A Yale graduate and former banker became homeless in Los Angeles. Then a co-alum made an unexpected offer
"I started reading it – and just tears," said Kim Hershman, who had studied in Yale a year before Pleasants. Although they were hardly known at the time, Hershman immediately felt obliged to help, especially after learning that the Pleasants camp was only miles away from home.
"When we were in Yale in the '80s, there were very few black students there," Hershman recalled. "Things are different now, but I know that everything he's done has changed and he did not have the support I possibly had."
Hershman, a business consultant in Hollywood, is also a lawyer who graduated from Yale Law School. She consulted with her alumni network for advice and encouragement, and soon a flood of postings appeared on a Facebook page for black Yale alums.
"If Kim wants to do something, I should not get in the way." a member wrote.
"Would he be prepared to accept the offer of help?" another asked.
There was only one way to find that out. The day after my CNN story appeared online, Hershman set off for Koreatown to try to find Pleasants in the tent camps.
"I was a bit nervous because I thought, 'Where am I going? I'm a 5 foot 1 woman,' she recalled, fearing that it could not be safe camped out.
"Yes," somebody said to her at some point. "He's around the corner."
She had a familiar face and a compelling offer.
Almost everyone on Shawn Pleasants' orbit was homeless, just like him. Some people who passed by were friendly ("If people say, 'Good morning,' that really makes a difference," others would like to know.) Others were indifferent or rude.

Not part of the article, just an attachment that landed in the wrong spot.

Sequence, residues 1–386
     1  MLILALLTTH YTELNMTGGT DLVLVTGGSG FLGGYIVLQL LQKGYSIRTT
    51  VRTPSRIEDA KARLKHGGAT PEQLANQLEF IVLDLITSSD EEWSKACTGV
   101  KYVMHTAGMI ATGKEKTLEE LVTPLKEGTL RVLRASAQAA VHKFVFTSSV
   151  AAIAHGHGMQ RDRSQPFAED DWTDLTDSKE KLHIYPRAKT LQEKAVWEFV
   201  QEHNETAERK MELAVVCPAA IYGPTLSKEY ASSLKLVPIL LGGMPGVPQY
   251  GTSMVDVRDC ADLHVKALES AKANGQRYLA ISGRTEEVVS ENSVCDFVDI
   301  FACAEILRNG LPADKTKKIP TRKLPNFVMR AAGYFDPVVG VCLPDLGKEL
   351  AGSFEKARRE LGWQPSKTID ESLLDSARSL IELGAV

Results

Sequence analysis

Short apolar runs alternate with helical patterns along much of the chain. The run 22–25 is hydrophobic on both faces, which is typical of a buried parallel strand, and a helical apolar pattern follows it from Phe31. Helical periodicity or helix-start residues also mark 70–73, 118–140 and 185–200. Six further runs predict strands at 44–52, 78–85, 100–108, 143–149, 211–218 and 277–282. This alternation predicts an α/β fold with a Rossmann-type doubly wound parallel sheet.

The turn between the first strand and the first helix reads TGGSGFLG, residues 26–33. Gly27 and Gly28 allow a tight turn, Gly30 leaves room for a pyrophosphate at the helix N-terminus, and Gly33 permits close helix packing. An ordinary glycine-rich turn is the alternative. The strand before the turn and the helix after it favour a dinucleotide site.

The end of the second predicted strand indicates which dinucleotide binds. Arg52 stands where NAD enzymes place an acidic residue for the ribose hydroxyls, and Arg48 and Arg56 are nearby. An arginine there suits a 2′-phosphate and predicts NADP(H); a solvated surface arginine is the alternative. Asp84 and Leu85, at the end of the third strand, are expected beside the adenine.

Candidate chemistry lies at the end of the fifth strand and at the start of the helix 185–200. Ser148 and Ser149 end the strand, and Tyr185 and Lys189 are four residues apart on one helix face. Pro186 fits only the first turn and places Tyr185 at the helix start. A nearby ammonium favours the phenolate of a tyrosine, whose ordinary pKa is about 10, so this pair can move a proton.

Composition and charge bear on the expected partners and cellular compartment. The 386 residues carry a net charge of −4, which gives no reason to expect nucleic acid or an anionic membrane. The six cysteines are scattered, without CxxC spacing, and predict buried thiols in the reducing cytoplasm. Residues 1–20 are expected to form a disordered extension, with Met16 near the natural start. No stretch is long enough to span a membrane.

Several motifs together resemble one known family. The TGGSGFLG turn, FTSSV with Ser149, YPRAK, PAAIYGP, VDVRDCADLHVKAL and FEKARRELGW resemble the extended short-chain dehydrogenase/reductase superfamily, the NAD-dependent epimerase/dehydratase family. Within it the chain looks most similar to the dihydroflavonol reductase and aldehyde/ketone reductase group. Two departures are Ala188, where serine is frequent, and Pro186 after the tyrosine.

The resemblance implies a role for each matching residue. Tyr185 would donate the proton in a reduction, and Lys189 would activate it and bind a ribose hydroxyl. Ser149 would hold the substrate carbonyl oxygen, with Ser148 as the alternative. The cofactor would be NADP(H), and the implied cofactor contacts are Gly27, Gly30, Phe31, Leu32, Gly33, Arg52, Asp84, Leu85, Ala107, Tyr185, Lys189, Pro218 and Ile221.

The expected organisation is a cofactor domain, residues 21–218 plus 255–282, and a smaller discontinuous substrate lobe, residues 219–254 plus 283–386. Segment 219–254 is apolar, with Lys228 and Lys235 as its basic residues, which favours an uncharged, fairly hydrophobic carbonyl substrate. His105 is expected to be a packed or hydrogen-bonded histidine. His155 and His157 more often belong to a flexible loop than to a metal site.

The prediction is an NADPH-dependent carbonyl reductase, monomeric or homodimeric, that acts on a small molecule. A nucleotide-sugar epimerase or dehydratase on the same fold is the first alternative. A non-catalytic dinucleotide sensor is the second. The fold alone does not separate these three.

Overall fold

So when the woman wore a Yale He took a seat beside him on the sidewalk and reached for his hand. Pleasants knew that this was no ordinary visitor. When he saw the hat's "Y" logo, his thoughts returned to the magical setting of Yale's campus in New Haven, Connecticut.
"I may have seen her at school seven or eight times," he recalled.
Although they had never been formally introduced, the Pleasants knew who she was.
But why had she come to visit him today? he wondered.
After a few minutes of small talk, Hershman had a simple but extremely complicated question for a man who had lived on the street for a decade.
My big deal was, "What do you want, and based on what you want, I'll do anything to help you," she told CNN, remembering the first conversation.
"I want to make a difference," Pleasants replied. "I am in this situation and there must be a reason and I want to help others." Shawn Pleasants noticed the Yale logo on Kim Hershman's hat. Shawn Pleasants noticed the Yale logo on Kim Hershman's hat. "class =" media__image "src =" http://cdn.cnn.com/cnnnext/dam/assets/191108112513-03-homeless-yale-grad-shawn-pleasants-large-169.jpg "/>
Talking about the possibilities, Pleasants explained his vision of a homeless resource center where people could take a shower on the street, receive mail, charge a phone or iron a shirt, a kind of one-stop shop to meet some critical needs, it was urgently needed.
Hershman made no promises, but she assured Pleasants that if he accepted her help, she would fetch him from the streets and help him regain his footing.
But there was a catch, and it was non-negotiable: he had to agree to drug rehabilitation.
Over the years, Pleasants had rejected similar offers from families.
This time he said yes, but with his own restriction, "I have to take my husband," he said Hershman and related his longtime partner David, who has been living with Pleasants for years. even before both became homeless.
"She is very charismatic and a compelling leader," said Pleasants. "And if she wants to do something, then she does it with pleasure." She is an angel. "
They made a move appointment a few weeks later. Nevertheless, Pleasants was not sure.